Tom Beasley chats to high-octane director Brian Taylor about his new film Mom and Dad, which features Nicolas Cage at his most Nicolas Cage…
Fans of Nicolas Cage at his nuttiest may have a new favourite movie when Mom and Dad screams its way into multiplexes this weekend. Directed by Brian Taylor, who previously worked with Cage in Ghost Rider: Spirit of Vengeance along with filmmaking partner Mark Neveldine, it’s a crazy tale of parents driven to attack and kill their children when a bizarre hysteria takes hold of their suburban neighbourhood.
Cage and Hellboy actress Selma Blair are two of those parents, who come up against kids with some Home Alone know-how that makes it more of a fair fight than you’d expect. If that sounds like a tough sell – and it does – then you won’t envy Taylor, who got on the phone with Flickering Myth for a chat about the movie, from Cage to well… Cage again.
I think it’s fair to say right off the bat that Mom and Dad is an absolutely bonkers film, so where did the idea come from for you and how did you go about putting the whole thing together?
Well, I’m a parent. [laughs] What else do you need to know? For a guy like me, I’m always trying to find that idea that hasn’t been done before and the movie that you haven’t seen. This was definitely an idea where I said: “Man, this is great. I’ve never seen this movie before. It’s totally original.”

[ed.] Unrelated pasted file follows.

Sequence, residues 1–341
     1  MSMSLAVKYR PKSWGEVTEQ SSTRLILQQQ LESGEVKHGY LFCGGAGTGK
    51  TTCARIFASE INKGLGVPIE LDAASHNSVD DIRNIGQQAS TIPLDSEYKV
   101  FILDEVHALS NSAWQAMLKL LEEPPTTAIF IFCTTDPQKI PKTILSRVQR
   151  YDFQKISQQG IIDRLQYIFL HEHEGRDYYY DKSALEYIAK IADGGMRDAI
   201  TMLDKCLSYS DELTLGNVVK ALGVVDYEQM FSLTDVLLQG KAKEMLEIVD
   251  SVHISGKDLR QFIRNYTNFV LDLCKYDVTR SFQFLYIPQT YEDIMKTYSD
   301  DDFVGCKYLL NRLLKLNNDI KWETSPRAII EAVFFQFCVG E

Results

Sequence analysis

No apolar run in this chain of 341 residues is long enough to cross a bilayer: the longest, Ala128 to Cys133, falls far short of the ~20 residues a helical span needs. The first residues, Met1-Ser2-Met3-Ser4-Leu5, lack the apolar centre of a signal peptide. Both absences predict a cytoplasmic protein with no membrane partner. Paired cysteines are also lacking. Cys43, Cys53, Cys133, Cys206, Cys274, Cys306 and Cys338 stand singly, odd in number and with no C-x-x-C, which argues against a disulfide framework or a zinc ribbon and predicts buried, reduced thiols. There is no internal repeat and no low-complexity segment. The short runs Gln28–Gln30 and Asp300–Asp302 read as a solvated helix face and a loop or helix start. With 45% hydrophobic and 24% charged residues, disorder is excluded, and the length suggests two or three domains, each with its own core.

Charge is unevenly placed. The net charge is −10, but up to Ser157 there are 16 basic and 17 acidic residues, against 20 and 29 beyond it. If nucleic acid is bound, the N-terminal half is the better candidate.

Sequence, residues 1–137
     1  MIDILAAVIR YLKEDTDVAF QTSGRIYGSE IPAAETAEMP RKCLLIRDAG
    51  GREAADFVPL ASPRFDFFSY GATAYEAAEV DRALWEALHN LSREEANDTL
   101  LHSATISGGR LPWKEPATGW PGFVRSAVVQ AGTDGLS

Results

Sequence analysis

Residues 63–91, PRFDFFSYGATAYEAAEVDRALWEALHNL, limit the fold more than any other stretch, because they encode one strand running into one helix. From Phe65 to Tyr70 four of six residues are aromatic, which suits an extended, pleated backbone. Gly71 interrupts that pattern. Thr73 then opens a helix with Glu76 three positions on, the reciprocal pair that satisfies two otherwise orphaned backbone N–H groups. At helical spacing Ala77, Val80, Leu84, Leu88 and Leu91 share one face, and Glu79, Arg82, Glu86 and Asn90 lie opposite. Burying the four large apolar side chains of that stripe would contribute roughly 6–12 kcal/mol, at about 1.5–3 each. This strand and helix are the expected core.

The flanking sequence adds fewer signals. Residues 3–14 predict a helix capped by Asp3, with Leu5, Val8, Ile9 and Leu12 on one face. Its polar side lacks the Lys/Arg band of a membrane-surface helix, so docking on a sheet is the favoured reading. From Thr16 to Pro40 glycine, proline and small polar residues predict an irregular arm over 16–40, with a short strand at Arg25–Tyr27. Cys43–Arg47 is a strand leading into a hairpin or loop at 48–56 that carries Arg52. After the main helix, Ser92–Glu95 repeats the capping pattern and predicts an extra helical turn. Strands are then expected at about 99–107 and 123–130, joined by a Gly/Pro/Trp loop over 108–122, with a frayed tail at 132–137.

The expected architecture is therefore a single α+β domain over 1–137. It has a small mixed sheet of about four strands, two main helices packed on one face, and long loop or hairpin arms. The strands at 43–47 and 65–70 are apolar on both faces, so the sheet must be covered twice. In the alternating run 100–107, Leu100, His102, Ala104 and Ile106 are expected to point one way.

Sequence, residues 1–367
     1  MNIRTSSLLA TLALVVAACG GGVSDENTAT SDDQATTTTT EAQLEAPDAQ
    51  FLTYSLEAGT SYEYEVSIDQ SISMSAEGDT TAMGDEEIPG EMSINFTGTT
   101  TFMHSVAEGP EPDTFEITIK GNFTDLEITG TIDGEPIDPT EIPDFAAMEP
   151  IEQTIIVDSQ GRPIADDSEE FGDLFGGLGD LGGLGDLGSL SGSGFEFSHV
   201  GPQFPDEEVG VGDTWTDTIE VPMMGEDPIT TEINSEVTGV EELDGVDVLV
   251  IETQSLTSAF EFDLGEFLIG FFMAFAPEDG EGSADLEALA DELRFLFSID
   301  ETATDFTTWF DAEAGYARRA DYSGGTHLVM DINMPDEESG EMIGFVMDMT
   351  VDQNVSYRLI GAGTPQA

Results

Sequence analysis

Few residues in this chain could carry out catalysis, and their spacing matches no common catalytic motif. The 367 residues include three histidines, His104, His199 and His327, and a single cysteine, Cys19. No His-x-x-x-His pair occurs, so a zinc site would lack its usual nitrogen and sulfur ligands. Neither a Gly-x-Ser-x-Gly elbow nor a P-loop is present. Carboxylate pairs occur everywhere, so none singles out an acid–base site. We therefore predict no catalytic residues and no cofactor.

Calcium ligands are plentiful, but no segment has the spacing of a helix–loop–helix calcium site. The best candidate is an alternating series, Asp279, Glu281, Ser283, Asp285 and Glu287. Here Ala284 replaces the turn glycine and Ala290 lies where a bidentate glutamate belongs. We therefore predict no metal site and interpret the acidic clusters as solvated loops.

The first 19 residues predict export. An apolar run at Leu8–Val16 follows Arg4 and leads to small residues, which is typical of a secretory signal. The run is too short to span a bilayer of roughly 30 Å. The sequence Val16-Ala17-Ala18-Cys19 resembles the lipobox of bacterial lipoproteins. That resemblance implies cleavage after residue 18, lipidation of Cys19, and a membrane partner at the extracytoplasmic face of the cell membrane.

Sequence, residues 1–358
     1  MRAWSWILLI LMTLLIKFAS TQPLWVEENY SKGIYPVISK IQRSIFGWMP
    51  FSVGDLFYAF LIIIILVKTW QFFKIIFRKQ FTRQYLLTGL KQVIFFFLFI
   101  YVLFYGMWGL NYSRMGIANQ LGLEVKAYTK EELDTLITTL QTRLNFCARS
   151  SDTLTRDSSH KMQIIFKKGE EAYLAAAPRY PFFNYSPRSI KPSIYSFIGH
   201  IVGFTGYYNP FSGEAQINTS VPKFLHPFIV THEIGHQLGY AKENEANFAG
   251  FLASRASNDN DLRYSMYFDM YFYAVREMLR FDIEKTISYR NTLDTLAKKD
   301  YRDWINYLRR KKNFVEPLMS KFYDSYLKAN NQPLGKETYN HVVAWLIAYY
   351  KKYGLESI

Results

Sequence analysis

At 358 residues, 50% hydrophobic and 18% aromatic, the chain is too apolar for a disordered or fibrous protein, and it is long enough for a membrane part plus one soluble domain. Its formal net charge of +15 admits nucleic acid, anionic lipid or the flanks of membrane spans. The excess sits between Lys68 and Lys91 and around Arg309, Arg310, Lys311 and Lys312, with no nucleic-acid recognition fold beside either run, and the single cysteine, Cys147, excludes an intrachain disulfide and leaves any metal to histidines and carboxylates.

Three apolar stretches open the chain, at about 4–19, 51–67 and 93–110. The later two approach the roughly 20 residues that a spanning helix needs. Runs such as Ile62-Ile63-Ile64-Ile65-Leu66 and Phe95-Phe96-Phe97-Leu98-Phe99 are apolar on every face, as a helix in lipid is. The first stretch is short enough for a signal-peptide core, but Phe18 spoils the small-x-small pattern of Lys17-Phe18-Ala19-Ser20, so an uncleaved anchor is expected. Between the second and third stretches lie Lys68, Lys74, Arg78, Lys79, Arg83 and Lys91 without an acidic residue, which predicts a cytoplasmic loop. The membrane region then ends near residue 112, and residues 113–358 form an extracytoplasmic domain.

But the problem is sometimes you find out why it has never been done before, really quickly, and this was definitely one of those cases. You think you have come up with this fun and original idea and you start telling people about it. My son’s first reaction, I think, was “dad, what the fuck’s the matter with you?” and I think our agents had the same reaction.
It’s one of those things where, when you describe the plot of the movie out of context, it can seem beyond dark, like ‘this movie is going to ruin my life’ kind of dark and ‘maybe, I’m not up for an experience like that’ kind of dark. But I knew that’s not really what it was. There’s a lot of satire. The movie is not so much about parents killing kids, but it’s about the frustrations and delusions of the parents, as well as the crazy place they find their lives in.
It’s more that kind of content the movie is really about and the final experience will be more like a fun rollercoaster ride, not like a super-dark, gnarly movie. It’s an idea that’s definitely hard, out of context, to express.
You alluded to the whole concept being a tough one to judge on a thematic and tonal level. Were you ever worried you had taken elements of it too far, or even not far enough?